Kathleen Garlington, the homeless woman who had been seen in and around Kentlands for some weeks, was found dead in the stairwell of a building on the 400 block of Main St. on Monday, March 16, at 6:19 PM when police officers responded to a call. She was 61 years old.
The cause of her death is under investigation, but there is no evidence to support foul play, and investigators believe that she died of natural causes.
Kathleen, originally from Michigan, was the daughter of William and Shirley Garlington and sister to Joseph Garlington, Therese Garlington Hyde, Mary Garlington Sartori, and Monica Garlington. A serious illness left her paralyzed for some part of her life, and it appears that she lived in Michigan with her parents while recovering. She moved to Leesburg, only a few blocks from her brother, in 2012 and lived there until 2014.
Kathleen had become somewhat a fixture in our community. She was seen patronizing Starbucks and Panera Bread, walking near the library, along Hart Road, and approaching the Mormon Church. A number of Kentlands citizens reported meeting her. Some anecdotes recorded on Nextdoor.com speak of a person who was friendly, outgoing, educated and articulate; a person fond of dogs who got on well with peoples’ pets. Others described different interactions with her.
Kathleen’s Internet presence tells us that she started playing the piano when she was 12 years old. She majored in Piano Performance at Catholic University, transferred to George Washington (GW) University to study with Ylda Novik, and graduated from GW in 1980. She apparently worked as a pianist accompanying singers and choral groups during the 30 years of her life that are opaque to Internet search efforts.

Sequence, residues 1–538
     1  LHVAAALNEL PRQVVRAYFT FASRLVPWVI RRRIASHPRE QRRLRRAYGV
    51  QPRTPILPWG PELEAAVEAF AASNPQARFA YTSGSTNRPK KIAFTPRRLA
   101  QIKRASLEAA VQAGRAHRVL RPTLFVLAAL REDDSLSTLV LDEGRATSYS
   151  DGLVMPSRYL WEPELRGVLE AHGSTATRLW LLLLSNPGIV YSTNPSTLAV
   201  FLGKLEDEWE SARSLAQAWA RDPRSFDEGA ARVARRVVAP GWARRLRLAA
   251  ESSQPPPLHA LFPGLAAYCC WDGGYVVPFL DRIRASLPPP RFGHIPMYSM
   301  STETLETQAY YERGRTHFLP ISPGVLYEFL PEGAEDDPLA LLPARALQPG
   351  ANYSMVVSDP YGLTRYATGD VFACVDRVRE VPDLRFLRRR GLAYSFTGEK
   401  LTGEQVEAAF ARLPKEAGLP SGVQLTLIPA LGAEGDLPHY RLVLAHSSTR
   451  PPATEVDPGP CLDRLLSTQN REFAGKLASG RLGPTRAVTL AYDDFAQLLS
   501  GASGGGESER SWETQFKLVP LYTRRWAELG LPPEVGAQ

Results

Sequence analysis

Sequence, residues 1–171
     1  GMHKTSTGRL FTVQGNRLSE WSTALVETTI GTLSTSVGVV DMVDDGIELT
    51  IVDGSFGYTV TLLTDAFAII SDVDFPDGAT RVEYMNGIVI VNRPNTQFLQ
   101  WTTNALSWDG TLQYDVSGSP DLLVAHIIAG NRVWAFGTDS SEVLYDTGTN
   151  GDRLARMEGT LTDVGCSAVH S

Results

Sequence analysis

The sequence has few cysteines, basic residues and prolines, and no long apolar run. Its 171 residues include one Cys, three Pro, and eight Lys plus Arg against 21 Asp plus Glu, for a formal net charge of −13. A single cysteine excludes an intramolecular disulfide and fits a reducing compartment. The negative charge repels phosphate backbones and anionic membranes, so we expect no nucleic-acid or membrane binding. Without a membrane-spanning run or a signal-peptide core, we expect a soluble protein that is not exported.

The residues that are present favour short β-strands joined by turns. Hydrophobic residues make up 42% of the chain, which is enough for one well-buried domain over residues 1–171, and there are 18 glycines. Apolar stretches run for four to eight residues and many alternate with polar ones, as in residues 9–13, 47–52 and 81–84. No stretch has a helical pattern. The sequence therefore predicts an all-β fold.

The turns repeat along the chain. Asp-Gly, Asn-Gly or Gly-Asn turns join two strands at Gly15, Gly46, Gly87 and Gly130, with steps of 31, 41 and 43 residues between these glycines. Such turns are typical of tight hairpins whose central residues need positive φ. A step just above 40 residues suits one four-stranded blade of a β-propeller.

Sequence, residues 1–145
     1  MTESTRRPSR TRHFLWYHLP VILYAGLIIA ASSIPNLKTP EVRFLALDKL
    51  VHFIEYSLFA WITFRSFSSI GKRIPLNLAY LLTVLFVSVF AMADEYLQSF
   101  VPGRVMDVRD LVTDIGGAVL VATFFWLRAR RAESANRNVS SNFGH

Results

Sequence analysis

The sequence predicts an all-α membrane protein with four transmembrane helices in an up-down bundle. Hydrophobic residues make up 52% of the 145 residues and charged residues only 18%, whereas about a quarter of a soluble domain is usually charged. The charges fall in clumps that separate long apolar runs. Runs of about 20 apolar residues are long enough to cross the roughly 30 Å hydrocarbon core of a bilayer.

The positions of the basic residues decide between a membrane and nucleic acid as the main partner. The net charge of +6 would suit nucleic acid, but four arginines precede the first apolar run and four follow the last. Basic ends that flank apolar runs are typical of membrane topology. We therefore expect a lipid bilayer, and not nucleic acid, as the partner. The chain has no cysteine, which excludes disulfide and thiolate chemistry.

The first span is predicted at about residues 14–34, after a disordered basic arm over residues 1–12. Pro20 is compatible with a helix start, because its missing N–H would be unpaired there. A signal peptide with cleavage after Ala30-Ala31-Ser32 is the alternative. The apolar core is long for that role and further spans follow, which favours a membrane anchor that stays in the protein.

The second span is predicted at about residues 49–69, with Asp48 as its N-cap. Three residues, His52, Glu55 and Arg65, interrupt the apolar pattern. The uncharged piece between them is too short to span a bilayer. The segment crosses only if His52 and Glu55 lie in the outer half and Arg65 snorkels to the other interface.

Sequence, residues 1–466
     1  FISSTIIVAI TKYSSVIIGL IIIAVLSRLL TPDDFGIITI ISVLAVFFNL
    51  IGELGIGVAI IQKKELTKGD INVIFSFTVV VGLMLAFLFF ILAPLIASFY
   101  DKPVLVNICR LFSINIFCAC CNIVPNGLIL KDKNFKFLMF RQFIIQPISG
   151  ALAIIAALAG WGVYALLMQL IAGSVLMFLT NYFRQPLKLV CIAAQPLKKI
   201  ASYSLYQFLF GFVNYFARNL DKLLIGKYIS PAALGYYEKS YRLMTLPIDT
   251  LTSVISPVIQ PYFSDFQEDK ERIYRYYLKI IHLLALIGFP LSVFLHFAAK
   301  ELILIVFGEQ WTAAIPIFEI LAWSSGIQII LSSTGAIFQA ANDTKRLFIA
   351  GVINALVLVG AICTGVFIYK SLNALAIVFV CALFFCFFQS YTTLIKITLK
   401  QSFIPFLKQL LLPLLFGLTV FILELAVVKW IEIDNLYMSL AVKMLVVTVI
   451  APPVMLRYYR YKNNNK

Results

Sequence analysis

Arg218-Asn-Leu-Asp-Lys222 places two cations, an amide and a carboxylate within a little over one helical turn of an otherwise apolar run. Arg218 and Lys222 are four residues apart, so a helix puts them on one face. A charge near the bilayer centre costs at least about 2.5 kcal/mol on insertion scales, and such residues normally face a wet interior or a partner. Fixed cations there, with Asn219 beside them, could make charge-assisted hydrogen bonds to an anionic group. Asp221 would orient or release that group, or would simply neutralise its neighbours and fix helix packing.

She hoped to restart her musical efforts after moving to the National Capitol area in 2012 and may, or may not, have continued to perform while homeless. Homelessness, “living on the street” is, in itself, a serious impediment to many forms of employment because of the challenge it presents to even the simplest types of personal care and hygiene.
Kathleen’s self-reported, and very fragmented, notes on social media indicate that she was evicted from her last home in 2014, apparently as the result of some dispute. A 2014 Federal Reserve study of 4,000 adults showed that 62% of Americans could not meet an unexpected or emergency expense of “$400 without selling something or borrowing money,” so a financial emergency may have led to Kathleen’s situation.
Some people and organizations tried to help her. The gift of a bit of food at Starbucks from a single individual and a sister’s visit are mentioned. Saint Rose of Lima Catholic Parish was working with the City of Gaithersburg to find housing through a Montgomery County Coalition for Homelessness program called Keys First. Neither individuals nor the government can force a person to accept any help or do anything or go anywhere, such as a shelter, if the person does not wish to do so, however.
Kathleen lived in our midst for only a few months, but in that time she offered all of us some insight into the challenges many of our fellow humans face and an opportunity to examine our own reactions to those less fortunate than ourselves. Fair winds and following seas, Kathleen.
There will be a Funeral Mass in the Saint Rose of Lima Catholic Parish chapel where Kathleen “used to hang out” on Monday, April 3 at 11 AM. All are welcome. Kathleen’s obituary is on the Simplicity Cremation and Funeral Services website